Ambassador Kurt Volker, former special envoy to Ukraine who testified later in the afternoon, said that at the time, he did not make the connection that there could have been a connection between investigations into corruption at Burisma and investigations into the Bidens.
“In retrospect, I should have seen the connection differently, and had I done so, I would have raised my own objections,” Volker said.
Volker also said any suggestion that Biden’s policy towards Ukraine was corrupted because of his son’s position on Burisma was a “conspiracy theory.”
“I have known Vice President Biden for 24 years. He is an honorable man and I hold him in the highest regard,” he said, a rebuke to an oft-repeated GOP talking point during the hearings.
Vindman, an Iraq War veteran and Purple Heart recipient who appeared in his Army uniform, has seen his loyalty to the United States questioned among Republican members of Congress and some in the conservative media. Vindman was born in Kiev (then part of the Soviet Union) and immigrated with his father and brothers to the United States in 1979.
During his opening statement Vindman called attacks on public servants, including himself and ousted ambassador to Ukraine Marie Yovanovitch “reprehensible.”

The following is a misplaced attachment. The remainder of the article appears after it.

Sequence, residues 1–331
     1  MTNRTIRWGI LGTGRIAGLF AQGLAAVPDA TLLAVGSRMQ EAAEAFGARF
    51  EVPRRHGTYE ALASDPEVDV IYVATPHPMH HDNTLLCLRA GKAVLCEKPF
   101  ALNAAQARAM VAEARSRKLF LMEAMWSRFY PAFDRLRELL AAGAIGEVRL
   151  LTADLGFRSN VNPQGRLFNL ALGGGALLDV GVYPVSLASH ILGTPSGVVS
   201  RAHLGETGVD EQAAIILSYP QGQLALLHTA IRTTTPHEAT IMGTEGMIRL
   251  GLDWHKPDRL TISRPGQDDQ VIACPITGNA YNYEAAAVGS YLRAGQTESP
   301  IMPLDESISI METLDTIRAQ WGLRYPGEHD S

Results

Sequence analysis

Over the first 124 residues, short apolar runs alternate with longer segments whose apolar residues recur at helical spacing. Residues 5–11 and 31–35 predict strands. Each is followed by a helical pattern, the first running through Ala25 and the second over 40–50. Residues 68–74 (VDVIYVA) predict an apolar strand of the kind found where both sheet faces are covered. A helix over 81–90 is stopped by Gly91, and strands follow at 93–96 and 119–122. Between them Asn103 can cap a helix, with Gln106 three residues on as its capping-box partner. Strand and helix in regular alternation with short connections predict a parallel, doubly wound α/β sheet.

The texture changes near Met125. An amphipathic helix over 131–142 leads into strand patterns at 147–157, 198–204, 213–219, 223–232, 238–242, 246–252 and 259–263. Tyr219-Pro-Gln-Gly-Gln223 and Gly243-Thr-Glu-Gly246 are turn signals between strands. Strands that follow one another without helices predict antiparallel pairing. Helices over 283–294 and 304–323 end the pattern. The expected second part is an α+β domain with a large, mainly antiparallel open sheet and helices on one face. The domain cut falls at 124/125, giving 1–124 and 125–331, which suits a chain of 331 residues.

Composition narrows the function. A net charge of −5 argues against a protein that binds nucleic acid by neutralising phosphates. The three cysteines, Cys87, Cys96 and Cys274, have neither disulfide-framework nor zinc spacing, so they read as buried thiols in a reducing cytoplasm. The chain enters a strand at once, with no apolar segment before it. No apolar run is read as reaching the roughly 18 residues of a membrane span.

Tim Morrison, the lieutenant colonel’s former boss at the National Security Council, told the committee that he got a “sinking feeling” on Sept. 7 after a conversation with U.S. Ambassador Gordon Sondland. The envoy to the European Union told him the military aid to Ukraine was dependent on the announcement of Ukrainian probes into the Bidens and the 2016 election.
Morrison said he relayed that information to then-National Security Adviser John Bolton.
“He said to tell the lawyers,” Morrison said. “He did not explain his direction.”
But Morrison, who was on the July 25th call between Trump and Zelensky, told the committee he did not hear a demand on the part of the American president.
The White House sought to discredit Vindman and Williams during their testimony, who remain members of the administration.
The White House Twitter account published a phrase from Morrison’s private deposition questioning Vindman’s judgment.
Williams “never reported any personal or professional concerns to me, her direct supervisor, regarding the call,” said Lieutenant General Keith Kellogg, National Security Adviser to Pence in a statement. He added that there was nothing inappropriate about the call.
“Republicans are absolutely killing it. Because it’s a big scam,” Trump said to reporters at the White House.
Near the conclusion of his testimony, Rep. Sean Patrick Maloney, D-New York, asked Vindman why he would take the professional and personal risk of challenging the actions of the president of the United States.
“Congressman, because this is America,” the soldier replied. “This is the country I have served and defended, that all of my brothers have served. And here, right matters.”
Many in the hearing room applauded.